Homebuyers have only six weeks left to sign up to the Help to Buy ISA saving scheme. This scheme involves a bonus of 25% from the government when you buy your first property.
The Help to Buy ISA has paid people an average bonus of just under £900 since it began in 2015.
However, it won’t be possible to sign up to it after the 30th of November 2019.
You actually have another 10 years (until 30th Nov 2029) to keep saving into it and up to 1st December 2030 to claim your bonus.
Help to Buy ISA – how it works
A range of banks, credit unions and building societies offer the scheme, helping you buy a home worth up to £250,000, or £450,000 in London.
For every £200 you save, the government will reward you with a bonus of £50. Anyone over 16 can open an account and save up to £200 per month, and a lump sum of up to £1,200 in the first month.
The minimum bonus amount you can receive from the government is £400, after saving £1600 in the account. While the maximum amount you can receive is £3000; by saving £12,000 or more.
The Help to Buy ISA has actually been much less popular than first expected. The Office for Budget Responsibility initially predicted the government bonus payouts to be £823m in the year 2019/20. However, the forecast has now been sliced to just £150m.
Despite the underwhelming uptake of the scheme, Sue still thinks it should continue to be available to people.
She said: “It’s bad news that it’s coming to an end because it’s a brilliant savings scheme for first-time buyers.”
Is there any alternative support for first-time buyers?
Once this scheme has expired in November, you first-time buyers will probably be looking for help elsewhere.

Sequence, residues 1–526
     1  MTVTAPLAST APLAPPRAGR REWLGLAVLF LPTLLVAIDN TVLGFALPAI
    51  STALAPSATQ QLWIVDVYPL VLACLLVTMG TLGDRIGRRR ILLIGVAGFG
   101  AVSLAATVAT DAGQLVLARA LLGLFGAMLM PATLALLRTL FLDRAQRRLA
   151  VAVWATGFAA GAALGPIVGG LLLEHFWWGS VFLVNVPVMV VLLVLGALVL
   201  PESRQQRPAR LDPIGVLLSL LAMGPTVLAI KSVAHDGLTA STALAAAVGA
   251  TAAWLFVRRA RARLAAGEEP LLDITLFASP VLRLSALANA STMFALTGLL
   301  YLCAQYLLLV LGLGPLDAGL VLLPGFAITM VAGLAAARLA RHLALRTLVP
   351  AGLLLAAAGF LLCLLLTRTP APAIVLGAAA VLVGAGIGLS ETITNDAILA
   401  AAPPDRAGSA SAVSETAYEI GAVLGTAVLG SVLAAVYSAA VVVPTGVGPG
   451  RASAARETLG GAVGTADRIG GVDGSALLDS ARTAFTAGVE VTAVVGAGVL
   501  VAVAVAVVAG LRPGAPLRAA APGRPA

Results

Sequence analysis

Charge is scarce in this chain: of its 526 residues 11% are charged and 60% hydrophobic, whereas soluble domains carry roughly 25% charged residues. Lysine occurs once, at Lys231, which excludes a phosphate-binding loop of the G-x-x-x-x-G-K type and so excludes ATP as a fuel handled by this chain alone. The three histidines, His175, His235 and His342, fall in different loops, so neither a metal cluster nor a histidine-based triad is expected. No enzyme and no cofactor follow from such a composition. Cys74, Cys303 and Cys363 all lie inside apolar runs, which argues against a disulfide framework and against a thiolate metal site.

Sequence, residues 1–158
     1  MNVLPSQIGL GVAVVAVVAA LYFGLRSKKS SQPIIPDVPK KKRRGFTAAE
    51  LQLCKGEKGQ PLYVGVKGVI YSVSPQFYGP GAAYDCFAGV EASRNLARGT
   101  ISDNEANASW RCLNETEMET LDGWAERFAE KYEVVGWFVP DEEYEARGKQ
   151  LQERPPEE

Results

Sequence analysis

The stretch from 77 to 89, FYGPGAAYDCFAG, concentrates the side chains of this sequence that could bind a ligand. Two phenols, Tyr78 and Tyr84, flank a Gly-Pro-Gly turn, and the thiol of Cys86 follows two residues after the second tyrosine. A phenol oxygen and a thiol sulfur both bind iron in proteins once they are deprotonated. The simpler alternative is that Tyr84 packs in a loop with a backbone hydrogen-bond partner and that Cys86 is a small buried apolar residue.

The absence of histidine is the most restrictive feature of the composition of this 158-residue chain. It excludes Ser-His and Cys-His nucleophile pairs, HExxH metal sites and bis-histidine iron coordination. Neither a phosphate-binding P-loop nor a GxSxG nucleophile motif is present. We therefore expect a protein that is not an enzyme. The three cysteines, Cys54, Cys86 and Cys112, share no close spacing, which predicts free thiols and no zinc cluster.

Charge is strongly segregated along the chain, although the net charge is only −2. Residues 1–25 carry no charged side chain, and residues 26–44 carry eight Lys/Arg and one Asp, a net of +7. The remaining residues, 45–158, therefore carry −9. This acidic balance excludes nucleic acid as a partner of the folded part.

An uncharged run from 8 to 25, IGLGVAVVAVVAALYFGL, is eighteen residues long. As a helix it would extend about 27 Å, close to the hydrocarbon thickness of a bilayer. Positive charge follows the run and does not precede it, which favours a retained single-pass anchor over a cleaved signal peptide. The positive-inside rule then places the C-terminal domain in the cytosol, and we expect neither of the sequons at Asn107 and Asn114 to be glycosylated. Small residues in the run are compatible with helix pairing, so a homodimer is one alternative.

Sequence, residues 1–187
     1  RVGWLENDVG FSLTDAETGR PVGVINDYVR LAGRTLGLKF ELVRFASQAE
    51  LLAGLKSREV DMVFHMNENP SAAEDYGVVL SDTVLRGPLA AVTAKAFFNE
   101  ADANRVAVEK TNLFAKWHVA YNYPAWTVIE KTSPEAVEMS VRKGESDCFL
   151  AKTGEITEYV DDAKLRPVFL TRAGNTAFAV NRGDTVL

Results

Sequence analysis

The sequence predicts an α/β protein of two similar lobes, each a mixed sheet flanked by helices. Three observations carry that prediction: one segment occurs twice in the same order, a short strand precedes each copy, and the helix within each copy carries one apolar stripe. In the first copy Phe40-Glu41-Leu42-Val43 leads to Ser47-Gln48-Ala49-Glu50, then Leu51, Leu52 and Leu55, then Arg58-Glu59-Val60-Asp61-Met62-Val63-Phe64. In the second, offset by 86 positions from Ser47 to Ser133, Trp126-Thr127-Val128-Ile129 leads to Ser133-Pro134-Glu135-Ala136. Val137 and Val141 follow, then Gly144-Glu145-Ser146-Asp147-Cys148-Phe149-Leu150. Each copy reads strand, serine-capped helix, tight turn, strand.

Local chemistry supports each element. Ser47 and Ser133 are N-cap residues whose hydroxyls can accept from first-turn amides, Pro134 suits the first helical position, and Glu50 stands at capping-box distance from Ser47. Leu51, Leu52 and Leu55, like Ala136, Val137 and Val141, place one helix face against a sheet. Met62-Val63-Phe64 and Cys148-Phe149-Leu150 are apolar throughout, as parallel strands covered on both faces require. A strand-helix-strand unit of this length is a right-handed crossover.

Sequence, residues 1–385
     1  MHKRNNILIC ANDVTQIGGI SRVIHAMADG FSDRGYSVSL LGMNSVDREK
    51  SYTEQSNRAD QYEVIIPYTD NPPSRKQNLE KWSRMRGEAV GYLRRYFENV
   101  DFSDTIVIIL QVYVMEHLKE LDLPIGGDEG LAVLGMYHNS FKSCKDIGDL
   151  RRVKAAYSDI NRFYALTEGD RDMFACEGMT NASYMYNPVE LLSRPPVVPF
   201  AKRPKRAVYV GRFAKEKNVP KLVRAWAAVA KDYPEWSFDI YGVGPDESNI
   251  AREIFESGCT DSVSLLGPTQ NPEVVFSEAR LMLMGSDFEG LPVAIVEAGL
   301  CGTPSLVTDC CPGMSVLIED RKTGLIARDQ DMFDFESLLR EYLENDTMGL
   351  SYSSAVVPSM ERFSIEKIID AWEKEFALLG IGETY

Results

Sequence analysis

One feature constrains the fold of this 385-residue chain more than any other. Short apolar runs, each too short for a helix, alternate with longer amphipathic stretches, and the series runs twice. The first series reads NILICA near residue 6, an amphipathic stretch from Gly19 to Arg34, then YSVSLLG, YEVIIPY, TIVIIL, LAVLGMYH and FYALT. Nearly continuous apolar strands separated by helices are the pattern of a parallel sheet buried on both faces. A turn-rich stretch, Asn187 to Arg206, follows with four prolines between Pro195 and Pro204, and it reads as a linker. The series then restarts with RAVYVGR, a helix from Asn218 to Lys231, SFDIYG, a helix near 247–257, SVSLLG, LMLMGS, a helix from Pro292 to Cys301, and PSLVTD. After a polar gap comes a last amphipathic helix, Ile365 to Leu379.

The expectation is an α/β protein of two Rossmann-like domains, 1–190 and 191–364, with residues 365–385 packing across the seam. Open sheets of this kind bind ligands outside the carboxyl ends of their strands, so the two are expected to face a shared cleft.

Fortunately, there are other systems in place to help you save up for your first home.
The Lifetime ISA is available for 18-39 year-olds to open and offers help buying your own place for the first time. It allows you to save up to £4000 each year, receiving a bonus of up to £1000. You can keep saving in this account until you’re 50.
You can claim the bonus if you either use it as a deposit for a first home worth up to £450,000, or leave it untouched and save it until you’re 60.
A difference between the Lifetime ISA and the Help to Buy ISA is when exactly you receive the bonus.
With the Lifetime version, you get the government bonus once you put down a deposit. Yet the Help to Buy ISA doesn’t grant you the money until you’ve fully paid for the house. So, taking this into consideration, the Lifetime ISA could be more helpful for first-time buyers as they may be struggling to get that initial deposit down.
However, don’t waste your energy rushing into a Lifetime ISA now if you’re hoping to move within the next 12 months; you can’t qualify for any bonus until the account has been running for over a year.